Saffron belongs to the iris family, and has had a plethora of uses throughout millennia. As far back as the writings of Galen and Hippocrates, saffron was mentioned as a medical treatment for coughs, colds, stomach ailments, insomnia, uterine bleeding, scarlet fever, heart trouble, and flatulence.
Naturally, one of saffron’s first uses may have been for dyeing textiles, since a single grain can color 10 gallons of water with a distinctive yellow hue. More than a grain is used, however, to color the bright orange robes worn by Buddhist priests in India. Three wispy saffron “threads” can be gleaned from each delicate crocus, which, ironically, is lavender-purple in color.
As a spice, saffron is known for what it does to energize dishes with a pungent, earthy essence. It must be noted that no one will eat an ounce of saffron in one sitting; recipes usually call for half a teaspoon or less, but examining an ounce is a good way to determine the nutritional aspects of this intriguing spice. First, the manganese content is off the charts at nearly 400% of the daily recommended value! Everything else seems a little chintzy after that, but the next-largest nutritional quantities also are quite impressive: vitamin C – 38%; magnesium – 18%; and iron – 17%. Potassium and vitamin B6 both impart 14% of the daily recommended value.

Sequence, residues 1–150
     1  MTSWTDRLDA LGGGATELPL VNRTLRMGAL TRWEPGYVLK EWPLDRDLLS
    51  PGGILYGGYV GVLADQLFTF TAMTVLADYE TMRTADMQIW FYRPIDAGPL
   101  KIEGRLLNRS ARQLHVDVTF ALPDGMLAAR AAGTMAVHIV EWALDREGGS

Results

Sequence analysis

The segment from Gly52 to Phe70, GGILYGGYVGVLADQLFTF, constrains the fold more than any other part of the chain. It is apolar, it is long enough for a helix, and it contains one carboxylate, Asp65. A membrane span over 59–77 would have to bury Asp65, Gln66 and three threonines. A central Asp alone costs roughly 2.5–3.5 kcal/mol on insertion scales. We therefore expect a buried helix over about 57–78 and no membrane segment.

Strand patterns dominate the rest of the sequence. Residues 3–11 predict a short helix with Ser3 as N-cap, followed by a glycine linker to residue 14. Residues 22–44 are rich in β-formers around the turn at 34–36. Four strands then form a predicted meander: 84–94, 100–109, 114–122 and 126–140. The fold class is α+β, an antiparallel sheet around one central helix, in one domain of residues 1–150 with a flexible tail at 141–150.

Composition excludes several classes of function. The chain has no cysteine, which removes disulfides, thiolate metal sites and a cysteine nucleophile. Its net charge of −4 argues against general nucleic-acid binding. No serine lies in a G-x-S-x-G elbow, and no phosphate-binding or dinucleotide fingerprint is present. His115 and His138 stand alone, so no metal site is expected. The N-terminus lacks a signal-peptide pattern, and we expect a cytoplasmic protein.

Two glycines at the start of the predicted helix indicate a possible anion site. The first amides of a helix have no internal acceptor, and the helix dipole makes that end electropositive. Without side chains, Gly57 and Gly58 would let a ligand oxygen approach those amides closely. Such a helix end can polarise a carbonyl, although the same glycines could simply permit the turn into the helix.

Manganese helps regulate blood sugar, metabolize carbohydrates, and absorb calcium. It also helps form tissues, bones, and sex hormones. Vitamin C is an infection fighter; iron purifies your blood; and the vitamin B6 content helps form red blood cells and assures nerves will function as they should. Potassium helps balance fluids in cells, which, if low, can cause painful muscle cramps.